And in Italy?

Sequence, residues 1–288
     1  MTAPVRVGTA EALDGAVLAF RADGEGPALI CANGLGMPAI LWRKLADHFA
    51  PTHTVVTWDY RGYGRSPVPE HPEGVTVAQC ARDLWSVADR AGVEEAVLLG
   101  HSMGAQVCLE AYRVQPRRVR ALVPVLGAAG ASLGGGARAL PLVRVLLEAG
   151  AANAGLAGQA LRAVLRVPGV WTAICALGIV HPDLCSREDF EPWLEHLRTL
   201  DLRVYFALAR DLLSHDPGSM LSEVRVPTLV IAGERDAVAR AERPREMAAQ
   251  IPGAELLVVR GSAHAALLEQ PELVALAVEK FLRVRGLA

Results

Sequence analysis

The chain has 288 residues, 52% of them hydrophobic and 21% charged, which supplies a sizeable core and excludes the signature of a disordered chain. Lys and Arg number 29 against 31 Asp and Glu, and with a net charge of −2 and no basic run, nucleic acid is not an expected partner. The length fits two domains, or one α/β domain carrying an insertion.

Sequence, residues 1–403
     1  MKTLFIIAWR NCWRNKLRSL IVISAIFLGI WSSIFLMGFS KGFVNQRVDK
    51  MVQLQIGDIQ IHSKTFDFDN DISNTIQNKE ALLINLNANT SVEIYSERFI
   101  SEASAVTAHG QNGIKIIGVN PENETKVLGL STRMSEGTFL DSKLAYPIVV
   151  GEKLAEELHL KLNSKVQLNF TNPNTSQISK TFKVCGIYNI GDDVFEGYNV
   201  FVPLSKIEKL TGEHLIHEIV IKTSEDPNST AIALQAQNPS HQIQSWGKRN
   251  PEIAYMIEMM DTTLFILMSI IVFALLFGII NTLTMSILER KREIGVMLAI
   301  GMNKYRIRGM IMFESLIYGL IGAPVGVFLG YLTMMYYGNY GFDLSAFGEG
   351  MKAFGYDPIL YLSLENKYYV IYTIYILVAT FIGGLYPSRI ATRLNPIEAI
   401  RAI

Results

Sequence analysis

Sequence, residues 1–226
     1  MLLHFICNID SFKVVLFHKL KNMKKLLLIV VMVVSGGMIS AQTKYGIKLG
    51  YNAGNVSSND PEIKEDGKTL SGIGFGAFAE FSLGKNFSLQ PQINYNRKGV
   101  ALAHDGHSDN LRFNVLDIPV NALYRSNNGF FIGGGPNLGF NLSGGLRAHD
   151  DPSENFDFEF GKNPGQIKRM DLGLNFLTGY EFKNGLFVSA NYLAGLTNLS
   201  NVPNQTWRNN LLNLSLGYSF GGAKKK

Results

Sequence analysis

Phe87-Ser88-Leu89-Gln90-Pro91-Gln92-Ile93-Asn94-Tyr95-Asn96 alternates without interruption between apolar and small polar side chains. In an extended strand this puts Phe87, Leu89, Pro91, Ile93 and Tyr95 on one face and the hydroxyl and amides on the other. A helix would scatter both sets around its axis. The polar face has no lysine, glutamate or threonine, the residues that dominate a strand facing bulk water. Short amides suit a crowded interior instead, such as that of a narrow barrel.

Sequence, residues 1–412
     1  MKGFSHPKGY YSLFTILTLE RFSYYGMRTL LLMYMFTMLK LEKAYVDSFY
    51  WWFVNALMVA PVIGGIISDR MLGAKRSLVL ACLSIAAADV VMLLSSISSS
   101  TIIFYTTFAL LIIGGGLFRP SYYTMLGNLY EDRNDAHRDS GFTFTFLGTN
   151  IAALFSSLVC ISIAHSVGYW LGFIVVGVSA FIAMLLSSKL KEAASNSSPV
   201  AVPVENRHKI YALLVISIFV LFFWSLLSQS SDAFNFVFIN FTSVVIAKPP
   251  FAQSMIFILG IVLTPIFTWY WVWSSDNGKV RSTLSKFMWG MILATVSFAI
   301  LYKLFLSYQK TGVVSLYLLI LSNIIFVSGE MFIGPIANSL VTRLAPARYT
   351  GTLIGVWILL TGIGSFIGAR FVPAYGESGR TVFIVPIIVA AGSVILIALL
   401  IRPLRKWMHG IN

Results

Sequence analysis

Italy, as it is well-known, is a country that is particularly exposed to seismic hazard. The Mediterranean, in fact, is closed between the grip of two giants, Africa and Europe, which are inexorably drawing closer to each other. The contact between the two plates created, in the past, the Alpine chain of mountains, therefore it is evident that the forces that are involved are certainly not negligible. There are important subduction zones, as in the Alpine mountain range, under the plains of the Po river and in a strip that extends from Sicily to the Aegean Sea. The raising of the Apennine mountains, pushed against the Dalmatian coasts, and the presence of numerous zones of intense volcanic activity, are often, but not always, tied to the clashing of the plates of the Mediterranean, making our country (Italy)  a zone of very high risk in which to live. In the past 2000 years, thousands of earthquakes have been recorded, of which at least 150 of great intensity, with over 450,000 victims (equal to 10% of the victims of equally intense  earthquakes worldwide). Only Sardinia and the Salento peninsula are historically “immune” to earthquakes (even though, naturally, they are affected by the earthquakes in other areas). In the Alpine Mountain range, seismicity is relatively low, with the exception of the Trentino, Friuli and Piemonte regions, while all the remaining regions of the Italian peninsula are classified high seismic hazard zones, in particular the Central and Southern parts of Italy, where in the Campania, Basilicata, Calabria ad Sicily regions, approximately 50% of the historical earthquakes have been recorded.

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